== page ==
Pittsburgh Laurels & Lances
Lance: To Michael Lamb. The Pittsburgh controller and Democrat mayoral wannabe has been making near-daily political hay out of the Bureau of Police scandal, placing the blame squarely at the feet of incumbent Democrat Mayor Luke Ravenstahl. But a not-so-funny thing happened on the way to convicting Mr. Ravenstahl in the court of public opinion: Turns out Mr. Lamb was alerted to the hinkiness three months ago and says his staff was too busy to begin an audit. Ah, the bleats of a hypocrite.
On the “Watch List”: As much as we would detest the resulting UPMC monopoly, it appears more and more likely that the state Insurance Department will reject Highmark Inc.'s plan to essentially subsume the beleaguered West Penn Allegheny Health System. That's because, as Highmark now freely admits, it needs a new contract with UPMC, West Penn's chief rival, to make the West Penn deal work. The admission could end up being the goose that further gilds the golden Romoff, so to speak.
Lance: To West Penn Allegheny. Its financial controls were so loosey-goosey that its onetime financial services manager allegedly was able to steal more than $700,000 over nearly four years. Ira L. Johnson of Penn Hills now faces 10 charges for diverting the money between mid-2007 and late 2011. Worse, while Mr. Johnson was fired in November 2011, the hospital system didn't learn of the theft for another 14 months. If oversight was so sloppy here, what's that say for the rest of the institution?
TribLive commenting policy
You are solely responsible for your comments and by using TribLive.com you agree to our Terms of Service.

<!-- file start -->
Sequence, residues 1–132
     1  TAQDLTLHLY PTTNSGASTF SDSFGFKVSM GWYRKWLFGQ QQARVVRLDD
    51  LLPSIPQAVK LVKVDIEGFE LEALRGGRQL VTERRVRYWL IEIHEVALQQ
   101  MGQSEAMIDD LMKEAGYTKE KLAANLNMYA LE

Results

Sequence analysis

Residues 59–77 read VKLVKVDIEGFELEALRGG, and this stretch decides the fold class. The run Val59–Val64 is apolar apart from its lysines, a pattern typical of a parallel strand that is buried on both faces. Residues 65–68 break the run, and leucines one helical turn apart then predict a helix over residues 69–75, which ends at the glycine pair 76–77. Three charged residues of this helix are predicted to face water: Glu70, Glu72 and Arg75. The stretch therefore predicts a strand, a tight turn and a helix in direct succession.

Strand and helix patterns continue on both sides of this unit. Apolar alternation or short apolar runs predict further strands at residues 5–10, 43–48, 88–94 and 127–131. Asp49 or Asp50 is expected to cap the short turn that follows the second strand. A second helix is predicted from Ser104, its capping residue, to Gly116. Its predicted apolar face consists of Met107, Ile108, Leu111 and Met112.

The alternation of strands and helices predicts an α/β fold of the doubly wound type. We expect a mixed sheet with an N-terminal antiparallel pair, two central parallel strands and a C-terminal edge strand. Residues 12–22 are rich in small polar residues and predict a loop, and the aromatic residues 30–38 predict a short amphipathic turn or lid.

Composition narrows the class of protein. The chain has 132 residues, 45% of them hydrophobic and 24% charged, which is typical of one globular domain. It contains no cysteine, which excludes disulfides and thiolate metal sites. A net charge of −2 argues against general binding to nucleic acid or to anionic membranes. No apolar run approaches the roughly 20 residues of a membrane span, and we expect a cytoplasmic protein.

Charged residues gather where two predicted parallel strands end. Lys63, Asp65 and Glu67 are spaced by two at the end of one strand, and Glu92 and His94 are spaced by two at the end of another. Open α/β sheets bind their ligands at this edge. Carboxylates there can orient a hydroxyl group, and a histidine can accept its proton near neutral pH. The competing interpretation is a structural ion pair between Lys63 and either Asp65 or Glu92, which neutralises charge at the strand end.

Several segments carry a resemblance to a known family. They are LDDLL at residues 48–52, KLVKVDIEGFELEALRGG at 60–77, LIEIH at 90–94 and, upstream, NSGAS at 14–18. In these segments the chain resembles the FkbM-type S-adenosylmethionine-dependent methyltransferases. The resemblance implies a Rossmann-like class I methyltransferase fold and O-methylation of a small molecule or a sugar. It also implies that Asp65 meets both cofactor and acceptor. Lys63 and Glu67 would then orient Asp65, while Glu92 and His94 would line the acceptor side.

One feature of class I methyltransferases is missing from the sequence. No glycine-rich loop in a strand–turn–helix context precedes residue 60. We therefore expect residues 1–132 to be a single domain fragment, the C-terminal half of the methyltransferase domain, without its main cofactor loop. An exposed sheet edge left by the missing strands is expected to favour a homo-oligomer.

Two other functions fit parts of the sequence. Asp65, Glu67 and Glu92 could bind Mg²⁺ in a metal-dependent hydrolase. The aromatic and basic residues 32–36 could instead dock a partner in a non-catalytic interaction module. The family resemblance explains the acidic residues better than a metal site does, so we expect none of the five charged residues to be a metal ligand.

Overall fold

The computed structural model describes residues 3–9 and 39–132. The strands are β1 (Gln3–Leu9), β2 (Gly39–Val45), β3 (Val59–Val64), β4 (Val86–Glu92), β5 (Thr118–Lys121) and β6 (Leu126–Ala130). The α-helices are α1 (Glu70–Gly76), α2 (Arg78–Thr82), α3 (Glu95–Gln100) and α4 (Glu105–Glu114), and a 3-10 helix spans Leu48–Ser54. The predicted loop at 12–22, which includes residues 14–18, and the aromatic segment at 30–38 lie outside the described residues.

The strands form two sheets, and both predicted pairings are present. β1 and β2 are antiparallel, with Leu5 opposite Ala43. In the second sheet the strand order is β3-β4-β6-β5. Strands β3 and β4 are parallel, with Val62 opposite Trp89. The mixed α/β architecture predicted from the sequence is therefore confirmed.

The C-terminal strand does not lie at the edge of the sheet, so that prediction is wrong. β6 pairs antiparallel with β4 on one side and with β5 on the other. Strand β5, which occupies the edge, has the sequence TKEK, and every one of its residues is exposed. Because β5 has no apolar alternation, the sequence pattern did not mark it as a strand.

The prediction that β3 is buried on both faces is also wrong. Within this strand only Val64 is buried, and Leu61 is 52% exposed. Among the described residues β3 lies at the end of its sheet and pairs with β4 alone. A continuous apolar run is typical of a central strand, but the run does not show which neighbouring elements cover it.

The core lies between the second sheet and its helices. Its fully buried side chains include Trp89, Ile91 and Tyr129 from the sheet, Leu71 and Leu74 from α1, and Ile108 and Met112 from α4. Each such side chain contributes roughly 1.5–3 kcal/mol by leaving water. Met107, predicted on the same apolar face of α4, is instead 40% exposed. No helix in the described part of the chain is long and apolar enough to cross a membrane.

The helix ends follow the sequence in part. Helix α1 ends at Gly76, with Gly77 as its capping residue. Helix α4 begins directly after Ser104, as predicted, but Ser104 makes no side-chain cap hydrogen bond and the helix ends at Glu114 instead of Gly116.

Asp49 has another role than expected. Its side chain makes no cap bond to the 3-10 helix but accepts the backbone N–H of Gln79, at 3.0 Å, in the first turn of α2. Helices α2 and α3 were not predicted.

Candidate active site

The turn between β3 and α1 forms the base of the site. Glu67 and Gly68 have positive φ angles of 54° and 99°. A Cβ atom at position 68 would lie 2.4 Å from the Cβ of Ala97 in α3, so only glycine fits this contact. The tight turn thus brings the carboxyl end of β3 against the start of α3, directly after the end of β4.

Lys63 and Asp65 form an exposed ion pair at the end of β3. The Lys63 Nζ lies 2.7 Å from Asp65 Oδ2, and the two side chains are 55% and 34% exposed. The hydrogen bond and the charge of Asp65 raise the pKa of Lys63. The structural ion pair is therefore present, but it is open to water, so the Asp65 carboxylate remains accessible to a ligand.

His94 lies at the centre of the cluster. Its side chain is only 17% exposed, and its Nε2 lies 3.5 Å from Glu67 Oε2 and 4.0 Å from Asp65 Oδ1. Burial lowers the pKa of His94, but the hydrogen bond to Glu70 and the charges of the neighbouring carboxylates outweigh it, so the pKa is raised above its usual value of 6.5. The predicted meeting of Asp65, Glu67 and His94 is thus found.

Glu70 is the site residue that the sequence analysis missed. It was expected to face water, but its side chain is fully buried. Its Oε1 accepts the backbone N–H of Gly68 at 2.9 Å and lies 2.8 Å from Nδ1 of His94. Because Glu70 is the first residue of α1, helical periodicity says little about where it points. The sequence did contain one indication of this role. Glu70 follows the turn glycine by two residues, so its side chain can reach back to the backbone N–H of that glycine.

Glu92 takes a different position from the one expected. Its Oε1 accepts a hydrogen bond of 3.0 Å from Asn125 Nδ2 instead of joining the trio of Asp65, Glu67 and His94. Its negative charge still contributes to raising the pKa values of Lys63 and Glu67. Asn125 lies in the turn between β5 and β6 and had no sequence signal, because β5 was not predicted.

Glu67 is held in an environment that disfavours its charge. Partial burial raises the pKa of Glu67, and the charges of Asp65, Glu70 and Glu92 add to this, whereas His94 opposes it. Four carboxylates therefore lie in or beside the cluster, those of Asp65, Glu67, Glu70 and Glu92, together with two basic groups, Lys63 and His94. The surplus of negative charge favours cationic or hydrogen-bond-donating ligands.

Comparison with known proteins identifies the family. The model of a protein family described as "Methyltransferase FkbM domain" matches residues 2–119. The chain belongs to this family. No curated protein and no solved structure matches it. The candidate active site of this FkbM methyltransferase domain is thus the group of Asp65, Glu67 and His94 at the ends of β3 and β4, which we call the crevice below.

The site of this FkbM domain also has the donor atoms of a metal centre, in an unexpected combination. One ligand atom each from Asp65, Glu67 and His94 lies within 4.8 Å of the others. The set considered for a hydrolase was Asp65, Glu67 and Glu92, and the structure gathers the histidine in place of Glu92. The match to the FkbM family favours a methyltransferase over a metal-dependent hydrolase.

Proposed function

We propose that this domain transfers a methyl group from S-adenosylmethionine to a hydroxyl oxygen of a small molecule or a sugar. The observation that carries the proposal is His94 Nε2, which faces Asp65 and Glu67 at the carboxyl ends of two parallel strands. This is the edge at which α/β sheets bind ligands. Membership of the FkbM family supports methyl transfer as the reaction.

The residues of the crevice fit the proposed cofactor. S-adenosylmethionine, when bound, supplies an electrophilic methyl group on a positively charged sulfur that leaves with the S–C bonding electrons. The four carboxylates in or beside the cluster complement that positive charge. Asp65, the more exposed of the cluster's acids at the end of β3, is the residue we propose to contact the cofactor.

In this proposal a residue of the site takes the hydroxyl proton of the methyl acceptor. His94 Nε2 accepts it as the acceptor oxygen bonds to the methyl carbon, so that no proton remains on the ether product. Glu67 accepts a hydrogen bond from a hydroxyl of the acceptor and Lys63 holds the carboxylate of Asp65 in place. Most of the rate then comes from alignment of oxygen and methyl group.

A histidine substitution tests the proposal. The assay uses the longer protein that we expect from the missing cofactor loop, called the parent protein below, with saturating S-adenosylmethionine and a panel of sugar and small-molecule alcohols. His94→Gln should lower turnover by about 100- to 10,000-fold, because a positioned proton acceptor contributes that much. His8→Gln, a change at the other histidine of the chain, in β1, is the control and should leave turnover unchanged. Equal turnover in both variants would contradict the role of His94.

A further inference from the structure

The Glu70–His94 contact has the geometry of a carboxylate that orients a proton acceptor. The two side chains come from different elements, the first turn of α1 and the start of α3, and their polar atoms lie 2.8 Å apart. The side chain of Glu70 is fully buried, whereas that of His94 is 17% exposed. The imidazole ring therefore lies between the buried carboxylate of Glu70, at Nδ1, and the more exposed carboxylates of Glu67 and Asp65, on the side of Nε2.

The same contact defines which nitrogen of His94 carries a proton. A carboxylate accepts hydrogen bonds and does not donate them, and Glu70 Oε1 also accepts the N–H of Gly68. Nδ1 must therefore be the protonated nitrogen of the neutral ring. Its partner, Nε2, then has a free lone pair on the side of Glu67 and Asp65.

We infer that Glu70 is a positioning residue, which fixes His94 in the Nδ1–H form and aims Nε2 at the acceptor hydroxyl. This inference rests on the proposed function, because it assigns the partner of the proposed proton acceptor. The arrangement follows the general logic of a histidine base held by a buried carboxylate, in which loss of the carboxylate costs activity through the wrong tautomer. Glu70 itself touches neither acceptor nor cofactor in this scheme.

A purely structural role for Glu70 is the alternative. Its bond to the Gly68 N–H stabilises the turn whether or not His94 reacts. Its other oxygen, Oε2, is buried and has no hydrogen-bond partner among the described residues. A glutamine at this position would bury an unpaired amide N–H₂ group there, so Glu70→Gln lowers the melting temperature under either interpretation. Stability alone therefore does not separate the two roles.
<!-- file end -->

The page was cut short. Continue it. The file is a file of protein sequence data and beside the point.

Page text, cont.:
We moderate comments. Our goal is to provide substantive commentary for a general readership. By screening submissions, we provide a space where readers can share intelligent and informed commentary that enhances the quality of our news and information.
While most comments will be posted if they are on-topic and not abusive, moderating decisions are subjective. We will make them as carefully and consistently as we can. Because of the volume of reader comments, we cannot review individual moderation decisions with readers.
We value thoughtful comments representing a range of views that make their point quickly and politely. We make an effort to protect discussions from repeated comments â either by the same reader or different readers.
We follow the same standards for taste as the daily newspaper. A few things we won't tolerate: personal attacks, obscenity, vulgarity, profanity (including expletives and letters followed by dashes), commercial promotion, impersonations, incoherence, proselytizing and SHOUTING. Don't include URLs to Web sites.
We do not edit comments. They are either approved or deleted. We reserve the right to edit a comment that is quoted or excerpted in an article. In this case, we may fix spelling and punctuation.
We welcome strong opinions and criticism of our work, but we don't want comments to become bogged down with discussions of our policies and we will moderate accordingly.
We appreciate it when readers and people quoted in articles or blog posts point out errors of fact or emphasis and will investigate all assertions. But these suggestions should be sent via e-mail. To avoid distracting other readers, we won't publish comments that suggest a correction. Instead, corrections will be made in a blog post or in an article.